A reader writes:
I’ve been applying to a few jobs here and there and I recently received this rejection letter:
OK, it’s that email you didn’t want to get, no beating around the bush, we are afraid that we won’t be taking your application to the next stage. We know rejection is tough and in the next few minutes you may well go through three stages of emotion:
Disbelief: We know you may think that the role would have been perfect for you; however it is likely that we had a number of applications which demonstrated a better match when they applied.
Frustration: It can be annoying to be passed up for a job you really wanted, however channel that emotion into reviewing your application so when you next apply for something you increase your chances of getting further. Did you know a CV tailored to a specific application is four times more likely to get an interview than using a generic CV?
Indifference: The good old “I didn’t want it anyway” – Let’s be honest, we cannot shortlist everyone for a role. When it comes down to it only one person can get a job so please don’t be disheartened.
While I am really grateful to them for letting me know, I thought this was weirdly over the top and it has seriously put me off applying to this company again. It seems to me to be rather I don’t know…condescending? But I wanted to get your opinion, since perhaps it’s just because I am still in the disbelief stage.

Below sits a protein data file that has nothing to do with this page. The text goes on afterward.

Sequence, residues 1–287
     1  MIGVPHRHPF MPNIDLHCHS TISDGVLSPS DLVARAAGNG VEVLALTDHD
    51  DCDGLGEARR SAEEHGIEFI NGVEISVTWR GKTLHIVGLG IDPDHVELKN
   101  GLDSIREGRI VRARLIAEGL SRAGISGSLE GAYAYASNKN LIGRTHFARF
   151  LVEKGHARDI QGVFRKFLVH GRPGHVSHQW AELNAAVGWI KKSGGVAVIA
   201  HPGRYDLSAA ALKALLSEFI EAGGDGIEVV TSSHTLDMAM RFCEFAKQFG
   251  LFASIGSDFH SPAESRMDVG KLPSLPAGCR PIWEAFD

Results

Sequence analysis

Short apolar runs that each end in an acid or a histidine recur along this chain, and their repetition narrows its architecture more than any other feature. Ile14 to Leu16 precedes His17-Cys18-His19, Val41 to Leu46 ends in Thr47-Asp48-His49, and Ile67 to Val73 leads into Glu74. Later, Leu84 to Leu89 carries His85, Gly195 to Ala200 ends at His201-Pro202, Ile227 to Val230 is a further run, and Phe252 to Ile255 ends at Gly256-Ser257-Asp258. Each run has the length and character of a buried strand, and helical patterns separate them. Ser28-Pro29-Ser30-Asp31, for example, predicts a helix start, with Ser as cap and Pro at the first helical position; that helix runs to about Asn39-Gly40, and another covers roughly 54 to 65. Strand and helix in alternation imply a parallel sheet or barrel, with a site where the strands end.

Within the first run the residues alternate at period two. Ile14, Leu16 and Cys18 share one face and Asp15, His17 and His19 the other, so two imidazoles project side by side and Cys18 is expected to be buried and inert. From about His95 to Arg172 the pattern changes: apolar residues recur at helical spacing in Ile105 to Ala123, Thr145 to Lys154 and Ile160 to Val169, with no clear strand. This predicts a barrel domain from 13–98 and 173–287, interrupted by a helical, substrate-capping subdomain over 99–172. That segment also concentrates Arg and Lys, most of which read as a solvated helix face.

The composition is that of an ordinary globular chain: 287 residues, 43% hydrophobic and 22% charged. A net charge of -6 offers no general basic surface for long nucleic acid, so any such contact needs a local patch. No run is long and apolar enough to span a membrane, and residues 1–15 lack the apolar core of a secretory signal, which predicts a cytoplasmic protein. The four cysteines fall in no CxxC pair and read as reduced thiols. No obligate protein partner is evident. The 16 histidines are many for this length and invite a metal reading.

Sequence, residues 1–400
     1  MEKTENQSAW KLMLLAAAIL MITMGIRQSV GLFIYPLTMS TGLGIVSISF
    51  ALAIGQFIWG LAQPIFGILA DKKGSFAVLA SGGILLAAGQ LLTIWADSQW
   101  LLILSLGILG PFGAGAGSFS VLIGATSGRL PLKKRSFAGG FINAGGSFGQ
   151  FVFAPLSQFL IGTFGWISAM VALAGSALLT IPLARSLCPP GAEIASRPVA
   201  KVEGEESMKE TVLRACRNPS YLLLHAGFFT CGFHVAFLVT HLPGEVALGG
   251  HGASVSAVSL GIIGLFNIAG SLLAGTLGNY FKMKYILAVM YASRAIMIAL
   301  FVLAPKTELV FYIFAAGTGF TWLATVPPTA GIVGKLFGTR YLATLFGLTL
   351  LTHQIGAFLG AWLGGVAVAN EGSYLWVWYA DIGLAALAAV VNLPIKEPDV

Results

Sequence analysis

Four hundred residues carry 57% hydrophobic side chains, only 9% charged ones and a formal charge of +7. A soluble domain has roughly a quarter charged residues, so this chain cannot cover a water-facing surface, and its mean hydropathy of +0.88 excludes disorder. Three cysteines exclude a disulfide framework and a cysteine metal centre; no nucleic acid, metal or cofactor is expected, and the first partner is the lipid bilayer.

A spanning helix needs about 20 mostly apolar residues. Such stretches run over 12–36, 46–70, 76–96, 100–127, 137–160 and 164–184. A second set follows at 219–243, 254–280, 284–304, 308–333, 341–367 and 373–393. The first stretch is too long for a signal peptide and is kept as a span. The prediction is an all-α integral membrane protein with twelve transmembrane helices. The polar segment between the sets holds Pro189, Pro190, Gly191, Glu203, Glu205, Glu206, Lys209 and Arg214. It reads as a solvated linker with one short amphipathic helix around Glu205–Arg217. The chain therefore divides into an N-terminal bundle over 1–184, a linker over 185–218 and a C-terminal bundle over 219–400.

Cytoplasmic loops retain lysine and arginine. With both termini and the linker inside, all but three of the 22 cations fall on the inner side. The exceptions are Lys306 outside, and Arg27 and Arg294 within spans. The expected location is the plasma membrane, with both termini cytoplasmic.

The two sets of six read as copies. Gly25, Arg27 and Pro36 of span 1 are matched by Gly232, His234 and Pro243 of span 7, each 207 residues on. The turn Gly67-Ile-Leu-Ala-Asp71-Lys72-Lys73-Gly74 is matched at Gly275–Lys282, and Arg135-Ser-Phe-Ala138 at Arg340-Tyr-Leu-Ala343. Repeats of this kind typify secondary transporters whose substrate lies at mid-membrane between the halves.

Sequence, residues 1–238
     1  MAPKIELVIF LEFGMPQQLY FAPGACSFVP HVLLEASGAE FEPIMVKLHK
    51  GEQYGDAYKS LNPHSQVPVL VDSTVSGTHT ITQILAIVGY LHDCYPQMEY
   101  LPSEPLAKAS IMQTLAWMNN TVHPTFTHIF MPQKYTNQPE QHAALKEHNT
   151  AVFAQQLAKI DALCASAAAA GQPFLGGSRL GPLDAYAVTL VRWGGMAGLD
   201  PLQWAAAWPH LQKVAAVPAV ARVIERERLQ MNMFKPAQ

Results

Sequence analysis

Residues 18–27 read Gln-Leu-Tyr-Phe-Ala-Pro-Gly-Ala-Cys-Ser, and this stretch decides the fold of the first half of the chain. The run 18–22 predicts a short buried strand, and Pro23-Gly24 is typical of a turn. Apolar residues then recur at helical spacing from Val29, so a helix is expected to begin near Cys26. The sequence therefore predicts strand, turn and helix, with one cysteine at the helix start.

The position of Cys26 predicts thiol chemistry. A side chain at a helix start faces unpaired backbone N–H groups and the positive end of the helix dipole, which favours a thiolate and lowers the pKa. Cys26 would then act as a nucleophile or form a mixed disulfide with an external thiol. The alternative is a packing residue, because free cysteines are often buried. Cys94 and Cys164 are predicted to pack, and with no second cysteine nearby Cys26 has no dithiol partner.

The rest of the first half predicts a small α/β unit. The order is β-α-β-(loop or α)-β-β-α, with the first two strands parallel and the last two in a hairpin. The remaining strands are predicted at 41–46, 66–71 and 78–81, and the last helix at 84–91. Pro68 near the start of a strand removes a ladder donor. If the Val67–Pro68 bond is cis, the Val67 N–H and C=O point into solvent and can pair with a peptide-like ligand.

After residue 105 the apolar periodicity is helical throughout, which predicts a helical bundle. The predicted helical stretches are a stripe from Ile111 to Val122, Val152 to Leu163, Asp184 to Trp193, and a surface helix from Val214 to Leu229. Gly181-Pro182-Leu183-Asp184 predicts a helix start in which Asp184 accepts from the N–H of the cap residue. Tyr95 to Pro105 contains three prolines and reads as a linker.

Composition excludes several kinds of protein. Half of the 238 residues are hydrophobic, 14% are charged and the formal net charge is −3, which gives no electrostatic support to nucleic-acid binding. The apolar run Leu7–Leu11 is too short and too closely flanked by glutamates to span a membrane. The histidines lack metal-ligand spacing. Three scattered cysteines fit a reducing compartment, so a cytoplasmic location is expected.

Yeah, it’s totally condescending. You don’t need them to manage your emotions for you, which is how this reads.
And it’s a bit much to assume that everyone they reject will be devastated or needs advice on what to do differently next time.
It’s nice to want to send out kind rejections that will minimize bad feelings! But rather than patronizing people like this, they could just explain that they got applications from more highly qualified people than they could interview, that they’re grateful for your interest and the time you put into applying, and that they’re sorry they won’t get the chance to talk further with you.
Also, so many comma splices! That is perhaps the most upsetting part.